Authors of a new study analyzing the cost of Colorado’s death penalty concluded, “Our findings are unequivocal: Colorado’s death penalty imposes tremendous costs on taxpayers and its benefits are, at best, speculative, and more likely, illusory.”
University of Denver law professor Justin F. Marceau and Denver attorney Hollis A. Whitson measured the cost of capital punishment in Colorado by court days. They compared the number of days in court and the actual length of time from charges until sentencing in capital prosecutions and in first-degree murder cases with similarly egregious facts. Death-penalty prosecutions require substantially more days in court and take substantially longer to resolve than non-death-prosecuted first-degree murder cases that result in a sentence of life imprisonment without parole, they found.
Published in the University of Denver Criminal Law Review, the study found that life-without-parole cases required an average of 24.5 days of in-court time, while the death-penalty cases required 147.6 days. Selecting a jury in a life-without-parole case takes about a day and a half, compared to 26 days in a capital case. From charge to final sentencing, life cases took an average of 526 days to complete, while death cases took 1902 days – almost four calendar years longer. The study found that even when a death-penalty case ends in a plea agreement and a life sentence, the process takes a year and a half longer than a life-without-parole case with a trial.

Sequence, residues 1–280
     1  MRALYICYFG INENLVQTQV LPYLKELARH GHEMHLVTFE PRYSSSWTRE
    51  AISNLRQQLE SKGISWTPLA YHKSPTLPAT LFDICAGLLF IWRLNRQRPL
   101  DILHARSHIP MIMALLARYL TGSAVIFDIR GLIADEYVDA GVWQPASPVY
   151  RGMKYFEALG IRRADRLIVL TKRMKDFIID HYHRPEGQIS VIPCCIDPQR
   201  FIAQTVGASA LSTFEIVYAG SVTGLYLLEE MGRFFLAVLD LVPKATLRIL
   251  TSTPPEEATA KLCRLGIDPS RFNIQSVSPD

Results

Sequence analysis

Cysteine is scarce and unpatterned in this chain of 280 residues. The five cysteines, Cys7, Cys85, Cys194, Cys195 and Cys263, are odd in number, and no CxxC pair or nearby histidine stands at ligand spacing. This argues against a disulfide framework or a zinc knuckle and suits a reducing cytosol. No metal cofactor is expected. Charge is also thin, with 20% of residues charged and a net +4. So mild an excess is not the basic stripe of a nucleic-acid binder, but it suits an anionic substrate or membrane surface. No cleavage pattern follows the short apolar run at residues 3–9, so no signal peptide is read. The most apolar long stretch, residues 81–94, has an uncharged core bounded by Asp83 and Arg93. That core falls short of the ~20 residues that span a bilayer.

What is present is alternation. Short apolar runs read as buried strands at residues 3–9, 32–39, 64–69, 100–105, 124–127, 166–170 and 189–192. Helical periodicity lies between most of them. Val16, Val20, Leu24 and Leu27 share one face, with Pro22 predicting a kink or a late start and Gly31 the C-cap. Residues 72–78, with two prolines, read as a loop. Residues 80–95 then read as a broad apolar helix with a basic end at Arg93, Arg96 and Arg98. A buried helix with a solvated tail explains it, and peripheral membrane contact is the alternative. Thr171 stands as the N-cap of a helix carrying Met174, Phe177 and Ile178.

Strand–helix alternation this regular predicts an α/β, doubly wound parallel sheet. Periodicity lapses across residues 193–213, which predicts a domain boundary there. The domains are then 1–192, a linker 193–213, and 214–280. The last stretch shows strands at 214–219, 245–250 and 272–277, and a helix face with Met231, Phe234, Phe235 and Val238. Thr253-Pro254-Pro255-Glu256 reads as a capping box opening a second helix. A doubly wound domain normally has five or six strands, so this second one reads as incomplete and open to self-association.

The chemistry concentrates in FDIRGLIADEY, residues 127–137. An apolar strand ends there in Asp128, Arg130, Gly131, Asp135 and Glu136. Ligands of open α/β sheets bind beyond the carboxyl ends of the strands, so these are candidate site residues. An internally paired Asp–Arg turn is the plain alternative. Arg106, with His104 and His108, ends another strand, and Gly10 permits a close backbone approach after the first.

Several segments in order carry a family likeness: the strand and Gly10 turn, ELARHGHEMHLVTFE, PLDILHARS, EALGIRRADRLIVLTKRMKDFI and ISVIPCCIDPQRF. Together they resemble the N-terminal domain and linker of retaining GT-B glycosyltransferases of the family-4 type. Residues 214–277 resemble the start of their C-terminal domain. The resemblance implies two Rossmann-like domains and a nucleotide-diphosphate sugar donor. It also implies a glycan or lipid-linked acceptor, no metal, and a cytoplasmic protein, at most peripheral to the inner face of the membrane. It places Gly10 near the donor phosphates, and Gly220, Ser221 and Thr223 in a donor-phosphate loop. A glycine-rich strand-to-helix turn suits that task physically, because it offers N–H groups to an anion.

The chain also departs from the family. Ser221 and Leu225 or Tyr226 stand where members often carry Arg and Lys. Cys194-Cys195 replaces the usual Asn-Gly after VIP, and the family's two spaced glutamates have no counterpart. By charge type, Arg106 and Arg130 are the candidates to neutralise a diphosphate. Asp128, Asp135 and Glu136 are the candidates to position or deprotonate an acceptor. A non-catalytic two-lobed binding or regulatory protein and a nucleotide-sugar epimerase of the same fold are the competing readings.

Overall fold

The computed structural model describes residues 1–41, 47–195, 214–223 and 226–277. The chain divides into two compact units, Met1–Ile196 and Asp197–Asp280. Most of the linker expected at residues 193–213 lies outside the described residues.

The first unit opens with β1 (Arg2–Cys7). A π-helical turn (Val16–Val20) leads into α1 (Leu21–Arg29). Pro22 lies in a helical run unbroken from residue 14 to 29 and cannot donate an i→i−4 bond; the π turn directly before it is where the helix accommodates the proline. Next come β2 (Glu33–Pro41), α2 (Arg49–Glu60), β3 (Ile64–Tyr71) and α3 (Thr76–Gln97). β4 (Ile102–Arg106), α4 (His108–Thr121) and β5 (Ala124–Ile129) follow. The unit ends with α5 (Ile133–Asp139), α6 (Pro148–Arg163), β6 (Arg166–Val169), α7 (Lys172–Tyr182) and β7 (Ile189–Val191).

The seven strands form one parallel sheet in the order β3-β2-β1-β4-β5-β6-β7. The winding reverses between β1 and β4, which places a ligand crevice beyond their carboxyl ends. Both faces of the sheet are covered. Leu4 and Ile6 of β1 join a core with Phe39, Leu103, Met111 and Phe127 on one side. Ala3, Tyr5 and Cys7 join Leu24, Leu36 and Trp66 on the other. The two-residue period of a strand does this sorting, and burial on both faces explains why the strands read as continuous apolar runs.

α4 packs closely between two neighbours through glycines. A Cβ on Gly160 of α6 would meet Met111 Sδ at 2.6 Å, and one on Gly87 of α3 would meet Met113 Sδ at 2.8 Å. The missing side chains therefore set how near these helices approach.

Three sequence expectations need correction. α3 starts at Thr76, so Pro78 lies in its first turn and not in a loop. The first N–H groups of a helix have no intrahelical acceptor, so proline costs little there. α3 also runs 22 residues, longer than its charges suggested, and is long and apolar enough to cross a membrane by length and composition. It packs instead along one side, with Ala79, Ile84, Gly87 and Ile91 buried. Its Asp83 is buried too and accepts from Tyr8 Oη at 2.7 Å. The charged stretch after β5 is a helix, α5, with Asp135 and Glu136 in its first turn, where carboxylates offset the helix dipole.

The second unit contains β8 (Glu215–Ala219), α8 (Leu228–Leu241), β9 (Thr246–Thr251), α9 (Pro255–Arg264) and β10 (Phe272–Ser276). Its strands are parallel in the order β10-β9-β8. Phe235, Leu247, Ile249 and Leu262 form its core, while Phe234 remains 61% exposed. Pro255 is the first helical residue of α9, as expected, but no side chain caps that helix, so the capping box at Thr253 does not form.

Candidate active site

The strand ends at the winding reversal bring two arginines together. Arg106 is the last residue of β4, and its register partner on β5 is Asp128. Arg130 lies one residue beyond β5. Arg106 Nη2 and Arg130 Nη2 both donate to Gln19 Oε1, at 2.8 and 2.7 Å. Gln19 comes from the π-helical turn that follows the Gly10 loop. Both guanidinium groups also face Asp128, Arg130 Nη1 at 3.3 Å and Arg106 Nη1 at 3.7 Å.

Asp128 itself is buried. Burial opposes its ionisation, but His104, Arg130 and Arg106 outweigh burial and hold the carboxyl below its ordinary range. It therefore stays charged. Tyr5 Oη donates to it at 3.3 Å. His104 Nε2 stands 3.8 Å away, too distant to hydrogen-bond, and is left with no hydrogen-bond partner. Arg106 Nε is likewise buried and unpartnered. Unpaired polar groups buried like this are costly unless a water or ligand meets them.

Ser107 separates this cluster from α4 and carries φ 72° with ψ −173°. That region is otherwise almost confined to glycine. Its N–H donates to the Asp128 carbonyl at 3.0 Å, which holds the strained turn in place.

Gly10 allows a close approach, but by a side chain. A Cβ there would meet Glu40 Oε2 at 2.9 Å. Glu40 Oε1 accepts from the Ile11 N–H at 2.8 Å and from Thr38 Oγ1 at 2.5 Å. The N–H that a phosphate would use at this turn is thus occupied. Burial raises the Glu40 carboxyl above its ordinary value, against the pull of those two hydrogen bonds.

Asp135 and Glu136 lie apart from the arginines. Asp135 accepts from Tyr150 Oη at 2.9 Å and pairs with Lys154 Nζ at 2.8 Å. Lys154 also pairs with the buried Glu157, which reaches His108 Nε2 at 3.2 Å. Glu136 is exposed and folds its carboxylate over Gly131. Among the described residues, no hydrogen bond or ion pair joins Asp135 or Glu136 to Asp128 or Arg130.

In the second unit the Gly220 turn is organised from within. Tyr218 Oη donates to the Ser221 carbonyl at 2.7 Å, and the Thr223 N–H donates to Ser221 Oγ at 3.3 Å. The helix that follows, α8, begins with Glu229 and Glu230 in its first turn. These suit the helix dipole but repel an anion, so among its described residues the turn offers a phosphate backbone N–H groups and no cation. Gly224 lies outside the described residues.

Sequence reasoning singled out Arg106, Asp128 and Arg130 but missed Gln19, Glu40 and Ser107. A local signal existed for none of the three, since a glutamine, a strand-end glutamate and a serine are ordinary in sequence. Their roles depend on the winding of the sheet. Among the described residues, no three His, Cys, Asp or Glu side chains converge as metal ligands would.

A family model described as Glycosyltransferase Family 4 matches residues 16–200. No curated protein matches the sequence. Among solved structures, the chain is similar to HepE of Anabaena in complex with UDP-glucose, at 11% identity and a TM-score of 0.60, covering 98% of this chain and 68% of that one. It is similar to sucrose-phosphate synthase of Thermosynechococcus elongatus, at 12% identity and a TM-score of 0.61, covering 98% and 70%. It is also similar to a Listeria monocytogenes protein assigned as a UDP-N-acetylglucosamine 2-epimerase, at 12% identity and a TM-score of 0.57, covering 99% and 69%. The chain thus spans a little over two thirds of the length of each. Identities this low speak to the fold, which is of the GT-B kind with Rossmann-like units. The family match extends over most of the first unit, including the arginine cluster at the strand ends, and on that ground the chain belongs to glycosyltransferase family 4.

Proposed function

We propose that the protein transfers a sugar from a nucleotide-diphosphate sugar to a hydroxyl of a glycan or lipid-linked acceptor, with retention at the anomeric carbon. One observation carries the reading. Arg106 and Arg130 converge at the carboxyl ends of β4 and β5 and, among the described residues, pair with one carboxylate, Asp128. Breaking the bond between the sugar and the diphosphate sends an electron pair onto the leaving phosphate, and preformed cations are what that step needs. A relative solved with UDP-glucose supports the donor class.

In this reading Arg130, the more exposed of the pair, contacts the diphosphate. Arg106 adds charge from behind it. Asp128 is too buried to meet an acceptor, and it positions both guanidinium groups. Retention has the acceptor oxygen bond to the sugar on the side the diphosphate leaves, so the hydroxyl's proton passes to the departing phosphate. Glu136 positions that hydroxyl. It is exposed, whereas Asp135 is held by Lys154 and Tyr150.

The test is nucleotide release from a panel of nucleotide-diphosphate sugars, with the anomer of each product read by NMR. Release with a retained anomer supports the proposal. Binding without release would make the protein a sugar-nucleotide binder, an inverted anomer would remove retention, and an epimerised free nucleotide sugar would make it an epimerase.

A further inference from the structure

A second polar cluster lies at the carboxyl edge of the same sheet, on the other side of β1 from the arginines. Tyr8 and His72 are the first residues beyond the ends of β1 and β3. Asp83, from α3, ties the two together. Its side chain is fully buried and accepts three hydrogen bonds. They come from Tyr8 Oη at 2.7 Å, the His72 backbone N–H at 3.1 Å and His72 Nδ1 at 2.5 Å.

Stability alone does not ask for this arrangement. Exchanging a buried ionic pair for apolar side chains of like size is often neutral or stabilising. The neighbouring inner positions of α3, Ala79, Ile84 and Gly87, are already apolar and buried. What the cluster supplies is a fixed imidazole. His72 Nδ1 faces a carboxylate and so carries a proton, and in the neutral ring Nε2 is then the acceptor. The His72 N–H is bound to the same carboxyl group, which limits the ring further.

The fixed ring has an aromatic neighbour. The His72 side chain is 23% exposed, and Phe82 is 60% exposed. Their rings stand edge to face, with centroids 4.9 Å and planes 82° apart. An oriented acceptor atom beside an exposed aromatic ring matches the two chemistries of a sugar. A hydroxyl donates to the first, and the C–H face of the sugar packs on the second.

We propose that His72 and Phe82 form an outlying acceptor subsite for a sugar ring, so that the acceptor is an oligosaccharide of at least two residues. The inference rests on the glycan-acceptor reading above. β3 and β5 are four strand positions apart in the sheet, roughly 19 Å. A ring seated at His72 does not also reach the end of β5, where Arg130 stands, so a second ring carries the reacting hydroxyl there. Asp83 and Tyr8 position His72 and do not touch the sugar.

The study further found that the costs far outweigh any benefit, because the threat of the death penalty at the charging stage does not save costs by resulting in speedier pleas nor is there reliable evidence of any deterrence benefits of the death penalty.
“In short,” the authors concluded, “by compiling and analyzing original data, we show that Colorado’s death penalty imposes a major cost without yielding any measurable benefits.”